Summer fruits and Mhudi. I had a very draining morning, with a fussy baby and a pile of laundry to get through. Baby is finally taking her nap. 🎉 Mhudi has been on my #tbrlist for a while now and so far I'm loving every page I turn. A review will follow once I'm done. #mhudi #africanliterature #bookstagram #instabooks
I am deeply sentimental and I also believe in signs and the like. A little over a month ago I lost my grandfather and I often mention how my love for reading stems from being raised by both he and my late grandmother. They were both avid readers and they read everything, my childhood home has so many books and each time I find gems that i didn’t know they had.
The week after my grandfather’s funeral I was in Exclusive Books with my daughter, I didn’t intend on buying any book, I was at the mall for a pair of black formal pants. The quick turn into the bookstore was to just quickly browse what they had. I found this copy of Mhudi by Sol T Plaatje tucked between Zakes Mda’s Little Suns and another book I can’t quite remember. I immediately knew I had to get it. It had to be a small smile from above.
Here’s a short backstory; Mhudi was one of those books I came across as a confused child reader who was still enjoying her Sweet Valley High books and books about while fences and ross gardens in American suburbs. I had no interest in books by African writers especially ones written many many years ago. It was special to my grandfather because of the author’s relationship with Kimberley, his hometown. Mhudi and Rathaga were also displaced after Mzilikazi attacked the Barolong and found each other. Similarly or not so similar, the romantic in me wants to relate this to my grandparents- my grandmother a Mosotho who followed her husband to a new country where they started a new life.
I don’t remember what happened to that copy of Mhudi and I hope I some day find it. I bought this book for a few reasons; I believe it was a sign, a comfort of some sort, secondly I’m wiser now and I read much better books haha and because my friend Eunice wrote some nice words about it this one time and couldn’t stop raving about it.
Mhudi was completed in 1920 and published ten years after. It tells events that happened a century before its publication, the 1830s. It’s a story of the Tswana tribes and how they lived and plotted revenge after King Mzilikazi attacked the Barolong. Mhudi a maiden Barolong woman meets Rathaga after the attack and together they form a bond. Mhudi is described as brave, independent and opinionated. She is not afraid to tell her husband her concerns and her opinions. A true leading woman.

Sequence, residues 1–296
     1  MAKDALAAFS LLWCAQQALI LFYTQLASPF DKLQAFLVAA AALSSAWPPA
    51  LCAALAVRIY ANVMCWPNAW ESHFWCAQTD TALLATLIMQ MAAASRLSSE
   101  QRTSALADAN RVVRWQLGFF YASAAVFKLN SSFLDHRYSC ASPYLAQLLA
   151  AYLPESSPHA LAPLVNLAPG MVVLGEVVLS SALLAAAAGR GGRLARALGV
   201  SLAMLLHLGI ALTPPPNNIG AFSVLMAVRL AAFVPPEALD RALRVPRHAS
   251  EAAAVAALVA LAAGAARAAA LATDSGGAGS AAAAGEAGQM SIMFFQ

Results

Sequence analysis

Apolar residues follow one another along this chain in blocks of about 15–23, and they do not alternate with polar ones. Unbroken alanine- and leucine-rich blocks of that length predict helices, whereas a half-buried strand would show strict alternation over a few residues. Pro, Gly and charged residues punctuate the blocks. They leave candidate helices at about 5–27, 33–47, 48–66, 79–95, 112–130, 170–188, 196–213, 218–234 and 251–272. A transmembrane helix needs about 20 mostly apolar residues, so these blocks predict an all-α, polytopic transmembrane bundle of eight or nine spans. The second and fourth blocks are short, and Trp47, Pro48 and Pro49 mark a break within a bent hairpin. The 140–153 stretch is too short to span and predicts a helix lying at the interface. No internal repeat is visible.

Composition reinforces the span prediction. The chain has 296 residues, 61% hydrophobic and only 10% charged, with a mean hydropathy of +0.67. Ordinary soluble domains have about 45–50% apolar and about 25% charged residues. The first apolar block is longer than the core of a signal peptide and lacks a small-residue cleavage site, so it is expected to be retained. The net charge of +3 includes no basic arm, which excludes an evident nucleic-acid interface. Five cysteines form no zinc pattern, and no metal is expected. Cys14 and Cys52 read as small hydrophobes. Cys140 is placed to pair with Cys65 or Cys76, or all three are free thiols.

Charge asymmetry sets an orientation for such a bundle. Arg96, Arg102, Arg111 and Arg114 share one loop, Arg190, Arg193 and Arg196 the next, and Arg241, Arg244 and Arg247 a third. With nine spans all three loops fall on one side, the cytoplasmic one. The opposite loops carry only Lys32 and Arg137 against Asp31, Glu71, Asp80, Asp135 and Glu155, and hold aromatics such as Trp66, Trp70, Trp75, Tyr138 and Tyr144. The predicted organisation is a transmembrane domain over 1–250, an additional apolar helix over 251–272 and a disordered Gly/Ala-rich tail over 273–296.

The book is however not just about Mhudi and Rathaga’s escapades, a recurring theme in the book is land. Mzilikazi after leaving Shaka travels acquiring land from the smaller tribes he comes across. The Barolong lose their land to Mzilikazi and later to the Boers. I find that the movement of the tribes and where they eventually settled is very interesting and it is something i would like to further look into.
The book is about friendship and love despite the odds. It is a love story embedded in a historical recount of the Difacane wars. Rathaga develops a friendship with one of the Boers, Phil Jay. The friendship grew with time even though it was looked upon by the other boers who believed that they should never get that close to ‘kaffirs’.
In the book Mzilikazi is not just a warmonger chief but he has a soft spot for his wife Umnandi. A woman who reveals the soft side to her husband. Mzilikazi’s one true aim seems to be to turn the Matebele into one of the most powerful tribe in the land.
Mhudi is an African story that shows life before colonisation. It is a classic that holds so much history. I remember asking someone about it a few months ago and they described it as a love story, something which however true is not what I took away from the book. It is a recount of displacement and war and survival against all odds. I would recommend it to anyone. I now hold Mhudi and Kintu in the same regard, books that should be read. Necessary reads.